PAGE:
Sleeping with dogs?

March has proven to be a real challenge worldwide as new information regarding the COVID-19 pandemic has been growing exponentially. A number of pet parents have expressed concern about how to protect themselves, and their pets. Let’s look at the realistic risk to pets and their care -givers from this novel virus.

Coronaviruses are a family of viruses that cause gastrointestinal unease in some mammals (pigs, cattle) and respiratory signs in others (birds, humans). A plethora of coronaviruses exist, and they are typically quite species-specific, meaning they infect and cause disease primarily only in one species. For example, bovine coronavirus causes diarrhea in cattle, and equine coronavirus can cause colic in horses, but neither animal develops disease from the other species virus. 

A lot of human coronaviruses exist as well, including the relatively harmless one associated with the common cold. In 2003, an outbreak of severe acute respiratory syndrome (SARS) in humans was attributed to the SARS-CoV coronavirus crossing the species barrier from Chinese palm civets. From 2019 to 2020, we have witnessed yet another outbreak of SARS, this time a global pandemic from SARS-CoV-2, more commonly known as COVID-19.

To date, there is no strong indication of COVID-19 causing disease in dogs or cats or being transmissible between humans and these pets. While there are dog and cat coronaviruses, these are associated with mild diarrhea (dogs) and peritonitis (cats), not respiratory disease. These coronaviruses are not transmissible to humans, and dogs and cats cannot contract them from humans. It is very unlikely that the COVID-19 virus can infect and cause disease in dogs and cats, or that it can be transmitted from humans to dogs or cats, and vice-versa.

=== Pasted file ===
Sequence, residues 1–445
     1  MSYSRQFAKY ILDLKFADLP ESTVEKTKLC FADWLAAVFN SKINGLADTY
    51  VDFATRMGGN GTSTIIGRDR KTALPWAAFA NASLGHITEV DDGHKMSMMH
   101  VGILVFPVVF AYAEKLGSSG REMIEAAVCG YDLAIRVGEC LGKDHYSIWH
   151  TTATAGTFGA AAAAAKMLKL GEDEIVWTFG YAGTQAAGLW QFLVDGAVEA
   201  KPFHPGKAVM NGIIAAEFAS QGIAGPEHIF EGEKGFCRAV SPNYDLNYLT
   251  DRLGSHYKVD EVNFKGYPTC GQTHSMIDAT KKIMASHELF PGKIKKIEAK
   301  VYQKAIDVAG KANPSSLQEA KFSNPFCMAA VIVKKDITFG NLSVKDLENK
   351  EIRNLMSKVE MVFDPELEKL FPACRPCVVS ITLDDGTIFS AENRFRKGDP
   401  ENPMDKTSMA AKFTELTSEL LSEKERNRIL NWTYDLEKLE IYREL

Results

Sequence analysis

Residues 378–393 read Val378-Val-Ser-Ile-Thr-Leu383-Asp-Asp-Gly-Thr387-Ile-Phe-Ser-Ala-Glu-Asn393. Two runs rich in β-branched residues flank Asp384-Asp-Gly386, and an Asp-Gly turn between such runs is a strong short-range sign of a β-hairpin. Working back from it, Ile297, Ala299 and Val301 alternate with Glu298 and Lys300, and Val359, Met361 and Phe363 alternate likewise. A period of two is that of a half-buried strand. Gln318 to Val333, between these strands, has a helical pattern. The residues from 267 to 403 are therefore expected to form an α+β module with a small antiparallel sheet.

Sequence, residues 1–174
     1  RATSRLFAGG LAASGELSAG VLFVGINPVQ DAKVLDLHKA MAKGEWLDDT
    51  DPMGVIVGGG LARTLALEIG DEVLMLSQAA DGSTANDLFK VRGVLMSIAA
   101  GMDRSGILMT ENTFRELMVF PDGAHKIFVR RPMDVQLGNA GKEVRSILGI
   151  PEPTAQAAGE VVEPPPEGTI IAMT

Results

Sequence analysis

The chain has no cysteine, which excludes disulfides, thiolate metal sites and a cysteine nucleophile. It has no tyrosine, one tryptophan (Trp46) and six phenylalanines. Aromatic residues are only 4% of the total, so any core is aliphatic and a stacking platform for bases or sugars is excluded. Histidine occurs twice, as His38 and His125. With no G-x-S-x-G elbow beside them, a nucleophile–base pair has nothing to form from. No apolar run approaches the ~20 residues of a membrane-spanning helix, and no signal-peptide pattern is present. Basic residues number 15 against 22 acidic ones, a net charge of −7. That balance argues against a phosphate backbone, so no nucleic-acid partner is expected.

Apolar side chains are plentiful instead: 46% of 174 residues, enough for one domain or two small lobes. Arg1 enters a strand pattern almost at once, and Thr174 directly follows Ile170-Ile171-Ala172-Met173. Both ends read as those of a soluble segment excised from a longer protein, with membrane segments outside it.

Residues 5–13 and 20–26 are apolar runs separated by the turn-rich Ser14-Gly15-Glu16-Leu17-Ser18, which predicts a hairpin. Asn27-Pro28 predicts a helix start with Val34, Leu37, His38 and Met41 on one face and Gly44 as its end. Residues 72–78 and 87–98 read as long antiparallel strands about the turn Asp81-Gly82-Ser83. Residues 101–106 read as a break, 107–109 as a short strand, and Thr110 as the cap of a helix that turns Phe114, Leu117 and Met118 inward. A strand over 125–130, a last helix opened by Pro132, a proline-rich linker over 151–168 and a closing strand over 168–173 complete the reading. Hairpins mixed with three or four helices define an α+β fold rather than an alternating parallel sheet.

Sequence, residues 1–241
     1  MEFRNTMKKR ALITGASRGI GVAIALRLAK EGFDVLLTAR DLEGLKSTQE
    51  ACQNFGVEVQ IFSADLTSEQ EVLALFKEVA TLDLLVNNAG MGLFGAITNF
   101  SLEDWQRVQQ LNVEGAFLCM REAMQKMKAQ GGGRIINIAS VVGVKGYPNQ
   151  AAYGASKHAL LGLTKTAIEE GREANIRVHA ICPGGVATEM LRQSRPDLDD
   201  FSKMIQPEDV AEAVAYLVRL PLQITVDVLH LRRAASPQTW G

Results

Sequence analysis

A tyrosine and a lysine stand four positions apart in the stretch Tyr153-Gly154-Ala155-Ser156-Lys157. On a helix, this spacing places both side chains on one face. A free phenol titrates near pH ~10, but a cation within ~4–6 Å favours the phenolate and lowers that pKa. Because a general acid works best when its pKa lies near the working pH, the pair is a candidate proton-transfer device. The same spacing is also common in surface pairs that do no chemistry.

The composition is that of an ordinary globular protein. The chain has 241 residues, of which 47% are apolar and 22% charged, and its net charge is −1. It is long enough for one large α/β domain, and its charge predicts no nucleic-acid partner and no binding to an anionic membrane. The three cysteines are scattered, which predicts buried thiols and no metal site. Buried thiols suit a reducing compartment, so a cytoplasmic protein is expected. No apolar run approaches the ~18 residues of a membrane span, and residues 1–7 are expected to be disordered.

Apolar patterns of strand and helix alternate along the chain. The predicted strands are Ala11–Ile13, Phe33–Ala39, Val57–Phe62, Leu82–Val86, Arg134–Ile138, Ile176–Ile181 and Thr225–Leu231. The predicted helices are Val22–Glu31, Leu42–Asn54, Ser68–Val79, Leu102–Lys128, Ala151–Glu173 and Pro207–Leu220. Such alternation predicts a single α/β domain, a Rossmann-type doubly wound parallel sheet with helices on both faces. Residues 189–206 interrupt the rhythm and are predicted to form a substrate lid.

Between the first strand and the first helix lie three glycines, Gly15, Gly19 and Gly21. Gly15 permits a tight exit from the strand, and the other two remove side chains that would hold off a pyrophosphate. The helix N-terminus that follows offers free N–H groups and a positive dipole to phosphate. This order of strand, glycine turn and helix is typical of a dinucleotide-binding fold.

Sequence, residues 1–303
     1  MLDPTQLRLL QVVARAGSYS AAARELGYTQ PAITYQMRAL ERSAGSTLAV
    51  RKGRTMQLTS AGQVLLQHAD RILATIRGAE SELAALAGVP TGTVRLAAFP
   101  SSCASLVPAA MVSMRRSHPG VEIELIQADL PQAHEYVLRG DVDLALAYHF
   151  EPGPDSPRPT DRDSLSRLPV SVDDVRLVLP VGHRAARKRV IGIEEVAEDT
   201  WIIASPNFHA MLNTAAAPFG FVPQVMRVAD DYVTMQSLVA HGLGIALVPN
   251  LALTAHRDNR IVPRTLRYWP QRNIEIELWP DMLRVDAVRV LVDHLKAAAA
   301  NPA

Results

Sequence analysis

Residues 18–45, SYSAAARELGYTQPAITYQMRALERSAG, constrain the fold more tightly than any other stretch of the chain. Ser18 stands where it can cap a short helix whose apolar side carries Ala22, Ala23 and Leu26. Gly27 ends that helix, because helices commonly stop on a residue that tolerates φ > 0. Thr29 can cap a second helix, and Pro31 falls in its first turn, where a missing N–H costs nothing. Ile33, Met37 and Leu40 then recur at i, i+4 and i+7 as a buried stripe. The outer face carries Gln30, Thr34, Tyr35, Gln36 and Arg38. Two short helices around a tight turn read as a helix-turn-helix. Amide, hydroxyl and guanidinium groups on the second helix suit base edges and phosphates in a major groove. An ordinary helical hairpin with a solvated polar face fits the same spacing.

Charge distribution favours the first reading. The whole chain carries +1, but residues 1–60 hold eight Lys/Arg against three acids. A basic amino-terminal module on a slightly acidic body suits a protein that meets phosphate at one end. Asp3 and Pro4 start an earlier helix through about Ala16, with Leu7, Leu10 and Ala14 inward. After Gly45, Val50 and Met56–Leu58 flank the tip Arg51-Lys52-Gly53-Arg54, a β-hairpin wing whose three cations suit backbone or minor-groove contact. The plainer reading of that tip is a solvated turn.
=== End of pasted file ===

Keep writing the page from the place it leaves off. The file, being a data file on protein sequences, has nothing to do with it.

That being said, one dog, kept by an infected human, has been reported to have tested positive for coronavirus. Initial testing, according to the Hong Kong SAR Agriculture, Fisheries and Conservation Department, (AFCD), yielded positive oral and nasal swabs, with follow-up testing days later yielding only a positive nasal swab. Rectal and fecal samples were negative on both testing dates. This one incident could potentially be a case of transmission from human to dog, but there is (as of yet) no evidence that dogs and cats can develop disease attributable to COVID-19 or be a source of infection to animals or humans. 

So, what does this all mean? It means that pet parents should take safety precautions to protect themselves and their pets from disease – just like everyone else. Basic hygiene, including hand washing, social distancing if feeling sick are prudent recommendations at this time. It may be prudent to consider where you exercise your pets – possibly avoid busy city centers where you will likely interact with large crowds. 

If your dog or cat comes into contact with someone who is confirmed or suspected to be infectious, bathe them to reduce the risk of bringing the virus into your home carried on their hair and skin – just like you would with yourself. Simple protective practices for yourself and your pet can go a long way to staying healthy. Remember, in addition to coronavirus, it’s also flu season, so these recommendations aren’t any different than those that would be recommended for combatting the flu.

Facemask are one more thing to consider. Veterinary clinics have become targets of break-ins for those wanting to steal facemasks. Surgical facemasks will not protect you or your pet, from contracting COVID-19. These masks are designed to prevent aerosolization of particles from the surgeon’s mouth from contaminating the patient’s surgical site. There is no research to suggest that these will offer any protection to the wearer from any external infectious process. Neither you, nor your pet, will benefit or keep each other any safer by wearing a mask. 

Enjoy yourselves and your pets, and we’ll get through this together.

Best wishes and tail wags,

Dr. Sarah Dodd